As I wrote in my Start-up Business Guide, most of these new business owners need accountants and mentors far more than a ridiculously good looking international business coach. But I’m always happy to have a catch-up or a coffee or even engage in an advisory space with those founders who want to make sure that their business is going from start-up to scale-up as rapidly as possible.

There’s one question I get asked sometimes, but frankly I don’t get asked often enough: Is this actually a good idea for a business?

Important for Scale Up, Step Up, and Sell Up Businesses Too

Even if you’re not in start-up, this is going to be relevant because if you’ve ever had a good idea for a new product line or new market channel, this process can help you with that as well.

This is the process that I recommend people go through when they have a business idea. In my experience, there are far too many business owners who have an idea and act on the idea before they take a chance to understand what the market is looking for.

I call them “a solution in search of a problem“. And if that’s how you’re building your business it’s going to be a lot harder than if you get that product-market fit perfect from day one.

So, here’s the process I recommend.

How to Test your Start-Up’s New Business Idea

One, who are the target customers for this business idea that you have?

Now at this point, you don’t need to go into the detail of brand archetypes or customer personas. You don’t need that level of detail, just a good idea of the industry the size of business who it is that this idea is going to help.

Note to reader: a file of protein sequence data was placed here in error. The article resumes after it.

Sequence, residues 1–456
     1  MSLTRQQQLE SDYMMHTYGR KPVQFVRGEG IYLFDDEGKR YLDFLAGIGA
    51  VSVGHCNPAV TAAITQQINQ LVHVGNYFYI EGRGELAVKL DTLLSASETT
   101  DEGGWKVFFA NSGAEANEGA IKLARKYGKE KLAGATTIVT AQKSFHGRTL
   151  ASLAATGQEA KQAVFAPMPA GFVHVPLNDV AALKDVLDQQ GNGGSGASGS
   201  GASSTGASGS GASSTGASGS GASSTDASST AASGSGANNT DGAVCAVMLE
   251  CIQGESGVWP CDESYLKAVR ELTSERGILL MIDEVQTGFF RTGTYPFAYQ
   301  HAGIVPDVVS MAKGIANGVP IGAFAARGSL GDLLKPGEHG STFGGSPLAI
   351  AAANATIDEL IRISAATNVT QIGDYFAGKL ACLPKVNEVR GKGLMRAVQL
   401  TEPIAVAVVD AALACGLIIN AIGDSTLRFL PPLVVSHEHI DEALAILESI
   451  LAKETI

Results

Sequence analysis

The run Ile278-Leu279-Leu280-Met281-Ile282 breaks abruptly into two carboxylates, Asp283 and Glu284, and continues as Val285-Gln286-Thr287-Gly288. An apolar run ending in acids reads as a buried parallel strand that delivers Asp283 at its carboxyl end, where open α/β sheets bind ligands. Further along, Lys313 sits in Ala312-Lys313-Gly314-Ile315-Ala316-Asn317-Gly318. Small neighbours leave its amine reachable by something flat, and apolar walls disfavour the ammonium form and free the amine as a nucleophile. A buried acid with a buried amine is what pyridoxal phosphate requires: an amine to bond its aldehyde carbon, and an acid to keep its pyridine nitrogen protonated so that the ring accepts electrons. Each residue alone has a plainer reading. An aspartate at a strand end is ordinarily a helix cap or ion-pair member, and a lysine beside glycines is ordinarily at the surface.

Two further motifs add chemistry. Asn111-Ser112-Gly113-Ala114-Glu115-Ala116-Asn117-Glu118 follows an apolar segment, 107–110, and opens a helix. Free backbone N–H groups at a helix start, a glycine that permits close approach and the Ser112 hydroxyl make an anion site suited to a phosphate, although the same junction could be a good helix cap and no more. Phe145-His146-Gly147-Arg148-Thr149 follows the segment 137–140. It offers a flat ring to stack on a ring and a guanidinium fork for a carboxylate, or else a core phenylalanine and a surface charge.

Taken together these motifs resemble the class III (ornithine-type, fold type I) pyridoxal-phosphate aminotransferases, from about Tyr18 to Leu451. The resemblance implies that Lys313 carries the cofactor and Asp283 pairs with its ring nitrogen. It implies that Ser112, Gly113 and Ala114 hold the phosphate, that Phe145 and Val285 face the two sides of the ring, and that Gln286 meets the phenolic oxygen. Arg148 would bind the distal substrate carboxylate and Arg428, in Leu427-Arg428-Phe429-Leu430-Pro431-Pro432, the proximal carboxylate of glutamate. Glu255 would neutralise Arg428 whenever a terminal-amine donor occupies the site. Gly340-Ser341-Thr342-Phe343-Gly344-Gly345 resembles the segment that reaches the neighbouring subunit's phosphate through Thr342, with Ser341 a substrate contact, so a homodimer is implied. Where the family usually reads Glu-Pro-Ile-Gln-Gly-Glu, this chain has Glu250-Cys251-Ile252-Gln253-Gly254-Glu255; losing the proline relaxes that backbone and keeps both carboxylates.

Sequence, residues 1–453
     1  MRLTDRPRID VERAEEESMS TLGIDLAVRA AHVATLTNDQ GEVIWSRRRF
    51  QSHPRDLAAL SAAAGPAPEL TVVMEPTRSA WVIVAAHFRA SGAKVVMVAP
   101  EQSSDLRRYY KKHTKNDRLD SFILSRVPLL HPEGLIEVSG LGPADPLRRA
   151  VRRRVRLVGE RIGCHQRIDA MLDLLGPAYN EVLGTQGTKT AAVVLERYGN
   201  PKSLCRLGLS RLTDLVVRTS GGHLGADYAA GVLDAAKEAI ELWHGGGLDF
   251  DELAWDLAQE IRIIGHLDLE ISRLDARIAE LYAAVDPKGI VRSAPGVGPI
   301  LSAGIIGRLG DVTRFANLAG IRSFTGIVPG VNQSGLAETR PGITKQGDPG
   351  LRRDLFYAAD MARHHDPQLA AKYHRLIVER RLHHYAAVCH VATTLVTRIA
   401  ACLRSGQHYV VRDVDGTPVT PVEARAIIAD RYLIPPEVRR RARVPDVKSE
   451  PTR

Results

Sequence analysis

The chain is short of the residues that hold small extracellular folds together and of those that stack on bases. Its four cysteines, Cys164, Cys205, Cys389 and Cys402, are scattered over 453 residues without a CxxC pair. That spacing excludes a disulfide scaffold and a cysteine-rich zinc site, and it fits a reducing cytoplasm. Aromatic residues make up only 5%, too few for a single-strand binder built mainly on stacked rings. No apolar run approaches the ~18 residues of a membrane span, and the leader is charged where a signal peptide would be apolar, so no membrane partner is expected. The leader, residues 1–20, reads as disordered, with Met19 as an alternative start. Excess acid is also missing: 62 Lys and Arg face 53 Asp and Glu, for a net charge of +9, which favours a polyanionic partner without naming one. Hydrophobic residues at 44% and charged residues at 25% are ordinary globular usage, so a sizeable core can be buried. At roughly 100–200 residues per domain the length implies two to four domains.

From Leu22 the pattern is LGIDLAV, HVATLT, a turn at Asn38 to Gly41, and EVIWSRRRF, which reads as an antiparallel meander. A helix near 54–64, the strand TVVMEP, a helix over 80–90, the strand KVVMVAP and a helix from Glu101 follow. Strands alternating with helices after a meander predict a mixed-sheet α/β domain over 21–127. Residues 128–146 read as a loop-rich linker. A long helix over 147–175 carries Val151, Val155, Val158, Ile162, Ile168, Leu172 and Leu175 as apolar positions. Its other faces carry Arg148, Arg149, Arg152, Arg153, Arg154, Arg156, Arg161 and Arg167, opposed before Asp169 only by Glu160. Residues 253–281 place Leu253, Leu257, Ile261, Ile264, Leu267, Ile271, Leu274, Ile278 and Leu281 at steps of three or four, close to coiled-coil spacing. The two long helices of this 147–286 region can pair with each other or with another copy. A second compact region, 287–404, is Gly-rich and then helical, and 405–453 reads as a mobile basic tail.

Two, write down what you understand their pain to be.

You really must get yourself into their shoes because if you don’t articulate their pain and how you can solve it, then your business idea is never going to gain traction in the marketplace.

Three, you want to go and interview at least ten of these target customers and have a conversation about their pain and about how you can solve that problem.

Ideally, you talk to at least twenty-five potential customers, and this is very much an interview process. You’re asking questions, you’re looking to learn, you are not under any circumstances to sell them anything in this conversation. What you want to ask, having talked about their pain and your solution, is whether they feel this is a good business idea.